These are just a few of the other picture books Bob Staake has written and illustrated or illustrated!

Beautiful Oops! written and illustrated by Barney Saltzberg

Every page of Beautiful Oops! is an art project waiting to happen! Beautiful Oops! just oozes inspiration, ideas and creativity of the most playful kind. Barney Saltzberg definitely has a gift for creating books of this nature and all of them are little gems. Filled with fantastic paper engineering, Beautiful Oops! is paean to imagination and tool kit for cheerfully, creatively approaching mistakes. Also, it's just a really fun book to read. Keep Beautiful Oops! in mind when graduation season rolls around, too! This may be sacrilege, but I think  Beautiful Oops! should take the place of Oh, The Places You'll Go! by Dr Seuss as the go-to book for grads. 

Saltzberg also makes excellent book trailers that practically do my job for me. The only think I have left to say is buy a copy of this book for yourself and another to give as a gift for kids of all ages. And be sure to check out Celebrate Oops!, a program to foster creativity. The website is a great place to get inspired and share ideas. 


Looky Here

Crinkled-Up Paper

Photos from Supermomoments


A Discussion of Shel Silverstein's THE GIVING TREE

I feel certain that most of you reading this right now own a copy of Shel Silverstein's 1964 book, The Giving Tree.  If you don't own it, I know you have read it or had it read to you at some point in your existence.  I still  have the copy that was given to me by my brother on my 11th birthday in 1979 and I have memories of reading it as a kid and watching the animated version made in 1973 and narrated by Shel himself and loving it very much. Recently while talking about this book with a customer, I had a very interesting experience that lead to a discovery about my true feelings about  The Giving Tree and how I currently interpret the text. This got me thinking. Many, many copies of this book are sold every year.  Many, many adults have fond memories of it. But do people still read it? And if so, what do they make of it? There are many different ways to interpret the story and many different emotions elicited after reading it.  However, in an interview (which he rarely gave) with Publisher's Weekly in 1975 when asked to explain the popularity of  The Giving Tree, Silverstein said, "Maybe it's that it presents just one idea."  But what idea?   Readers of mine, I want to know what place this book has in your lives? Do you own it? Do you read it to your kids? What do they think of it? What do you think of it? PLEASE COMMENT!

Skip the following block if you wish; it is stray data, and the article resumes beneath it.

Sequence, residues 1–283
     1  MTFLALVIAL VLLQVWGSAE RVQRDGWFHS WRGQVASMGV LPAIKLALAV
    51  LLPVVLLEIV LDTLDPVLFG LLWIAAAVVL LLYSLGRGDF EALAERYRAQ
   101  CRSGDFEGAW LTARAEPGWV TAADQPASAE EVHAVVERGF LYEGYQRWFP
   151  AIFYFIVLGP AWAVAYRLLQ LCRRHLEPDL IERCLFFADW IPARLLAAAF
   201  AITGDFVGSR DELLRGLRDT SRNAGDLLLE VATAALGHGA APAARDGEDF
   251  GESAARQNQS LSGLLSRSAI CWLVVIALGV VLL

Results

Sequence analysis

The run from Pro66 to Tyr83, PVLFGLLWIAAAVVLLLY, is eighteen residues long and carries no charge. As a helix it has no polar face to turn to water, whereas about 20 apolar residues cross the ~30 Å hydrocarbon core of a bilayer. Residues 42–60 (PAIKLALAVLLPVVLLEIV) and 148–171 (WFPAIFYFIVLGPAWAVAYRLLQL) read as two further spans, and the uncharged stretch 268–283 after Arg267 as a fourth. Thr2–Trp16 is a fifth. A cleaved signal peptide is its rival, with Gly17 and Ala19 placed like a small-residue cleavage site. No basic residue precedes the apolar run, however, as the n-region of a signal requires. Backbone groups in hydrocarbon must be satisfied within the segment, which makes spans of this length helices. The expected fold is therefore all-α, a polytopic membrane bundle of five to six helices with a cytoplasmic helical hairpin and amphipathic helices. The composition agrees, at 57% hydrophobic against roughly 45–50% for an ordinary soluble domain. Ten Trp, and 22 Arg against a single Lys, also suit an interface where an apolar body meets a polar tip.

Here is my story of the story: